Many, many years ago I read economists who thought that the trends toward automation and computerization would create a commercial world in which anyone could easily get anything almost custom made for them. What a crock. What has happened is we have an economy dominated by chain stores in which only those items which will sell zillions of units are carried. A recent guest poster on the Time Goes By blog noted the difficulty finding shampoo for her gray hair. She finally found one brand on the bottom shelf and bought both of the bottles that were left. Anyone who colors her hair or is blond, brunette, or red-headed can find all kinds of products. But not someone who refuses to buy into the youth orientation which demands that the gray haired cover the gray and pretend the years haven't passed.

What we have is an economy that serves the young and has no interest in anyone else. TV is dominated by the 18 to 34 crowd. We have complained for sometime about how uninteresting the offerings are. We either saw it and don't want to see it again, never wanted to see it in the first place, or liked it so well we can watch our own copy without commercial interruption. And we have been doing a lot of that last option lately.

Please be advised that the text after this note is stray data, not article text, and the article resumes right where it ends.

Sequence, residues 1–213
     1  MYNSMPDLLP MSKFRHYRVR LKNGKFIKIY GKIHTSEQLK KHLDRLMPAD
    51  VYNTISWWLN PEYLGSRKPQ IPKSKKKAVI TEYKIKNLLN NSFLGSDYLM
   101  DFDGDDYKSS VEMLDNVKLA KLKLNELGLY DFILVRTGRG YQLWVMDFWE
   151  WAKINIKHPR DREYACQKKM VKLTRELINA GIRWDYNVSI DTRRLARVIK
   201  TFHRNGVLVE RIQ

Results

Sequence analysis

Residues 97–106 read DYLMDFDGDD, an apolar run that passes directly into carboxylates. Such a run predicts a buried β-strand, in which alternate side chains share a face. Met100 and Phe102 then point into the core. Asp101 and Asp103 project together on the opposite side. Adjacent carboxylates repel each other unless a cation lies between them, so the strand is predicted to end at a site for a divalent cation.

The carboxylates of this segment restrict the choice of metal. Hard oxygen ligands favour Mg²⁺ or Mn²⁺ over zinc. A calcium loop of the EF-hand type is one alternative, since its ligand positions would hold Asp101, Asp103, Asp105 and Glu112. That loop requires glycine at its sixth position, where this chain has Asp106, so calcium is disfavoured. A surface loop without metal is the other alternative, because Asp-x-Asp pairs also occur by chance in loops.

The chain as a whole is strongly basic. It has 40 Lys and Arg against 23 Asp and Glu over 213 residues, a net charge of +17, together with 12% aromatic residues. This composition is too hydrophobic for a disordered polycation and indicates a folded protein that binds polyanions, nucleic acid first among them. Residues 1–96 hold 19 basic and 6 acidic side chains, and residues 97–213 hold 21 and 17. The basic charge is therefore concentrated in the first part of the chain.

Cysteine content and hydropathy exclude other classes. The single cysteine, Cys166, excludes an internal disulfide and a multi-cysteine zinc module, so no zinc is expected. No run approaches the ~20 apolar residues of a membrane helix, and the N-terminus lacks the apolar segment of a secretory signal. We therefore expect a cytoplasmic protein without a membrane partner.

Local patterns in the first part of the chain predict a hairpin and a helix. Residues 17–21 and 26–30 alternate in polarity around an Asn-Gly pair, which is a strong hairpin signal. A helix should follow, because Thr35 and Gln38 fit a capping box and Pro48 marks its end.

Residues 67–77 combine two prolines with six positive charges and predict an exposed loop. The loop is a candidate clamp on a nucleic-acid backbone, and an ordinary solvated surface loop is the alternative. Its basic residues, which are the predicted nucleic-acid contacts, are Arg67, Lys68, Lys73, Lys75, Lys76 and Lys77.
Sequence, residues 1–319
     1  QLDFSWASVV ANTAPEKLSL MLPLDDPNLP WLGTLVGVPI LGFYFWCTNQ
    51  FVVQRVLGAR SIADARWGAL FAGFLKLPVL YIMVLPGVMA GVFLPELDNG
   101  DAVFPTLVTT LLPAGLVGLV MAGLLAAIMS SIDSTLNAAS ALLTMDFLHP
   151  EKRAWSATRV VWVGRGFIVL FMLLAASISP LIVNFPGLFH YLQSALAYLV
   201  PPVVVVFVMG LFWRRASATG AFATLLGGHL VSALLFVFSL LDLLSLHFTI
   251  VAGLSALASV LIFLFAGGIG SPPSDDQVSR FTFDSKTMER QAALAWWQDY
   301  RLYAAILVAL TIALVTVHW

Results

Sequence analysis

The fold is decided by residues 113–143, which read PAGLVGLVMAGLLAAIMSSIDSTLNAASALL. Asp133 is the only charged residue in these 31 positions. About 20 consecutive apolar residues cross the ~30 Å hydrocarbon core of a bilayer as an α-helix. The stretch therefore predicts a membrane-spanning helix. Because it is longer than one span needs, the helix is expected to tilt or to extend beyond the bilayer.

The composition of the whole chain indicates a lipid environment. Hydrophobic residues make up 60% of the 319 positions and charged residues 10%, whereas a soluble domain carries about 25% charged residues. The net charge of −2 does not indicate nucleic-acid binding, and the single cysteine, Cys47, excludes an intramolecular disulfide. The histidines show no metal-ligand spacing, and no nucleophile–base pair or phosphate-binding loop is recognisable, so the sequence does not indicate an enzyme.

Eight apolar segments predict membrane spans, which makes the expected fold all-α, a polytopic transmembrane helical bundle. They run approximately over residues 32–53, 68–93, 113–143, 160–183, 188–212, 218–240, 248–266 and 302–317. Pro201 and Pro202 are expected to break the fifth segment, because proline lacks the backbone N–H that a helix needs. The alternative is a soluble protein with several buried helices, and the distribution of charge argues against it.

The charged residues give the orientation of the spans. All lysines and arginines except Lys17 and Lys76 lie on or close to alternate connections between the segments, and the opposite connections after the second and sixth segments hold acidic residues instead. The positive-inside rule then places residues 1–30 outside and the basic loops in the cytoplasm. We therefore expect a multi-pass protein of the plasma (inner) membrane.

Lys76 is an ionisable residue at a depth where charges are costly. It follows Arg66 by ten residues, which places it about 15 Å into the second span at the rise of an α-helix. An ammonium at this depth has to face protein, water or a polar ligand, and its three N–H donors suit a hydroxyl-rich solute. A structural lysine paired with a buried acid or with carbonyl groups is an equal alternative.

I guess I am really very tired of an economy which doesn't meet my needs, doesn't see any profit in meeting my needs and doesn't even provide suitable alternatives. I don't want to settle for what those overpaid bastards in the corporate offices offer and be grateful for it. I am not in the least grateful. Most of the time I am pretty damn pissed.

Sunday, August 5, 2007

I can't believe it has been two weeks since my last post. Last month was incredibly frustrating. I felt as though I couldn't do anything right. What I learned about my job seemed to get lost in the doing. I realize that have to be faster and more accurate than I have been ever before and that I am dealing with a complex computer system that makes mistakes almost inevitable. But so many mistakes???? I wonder too if I am putting too much pressure on myself. I know I am a would be perfectionist. "Would be?" you ask. Well I am a perfectionist who knows the futility of that on an intellectual level but I still get angry and frustrated with myself when I am not perfect. The problem is how to strive for perfection without beating myself up emotionally when I am not. In my needlework I often joke that I have never needed a 'humility block' because I have made plenty of inadvertent mistakes. The difference is that my mistakes at work are noticed while those in the needlework will rarely, if ever, be noticed.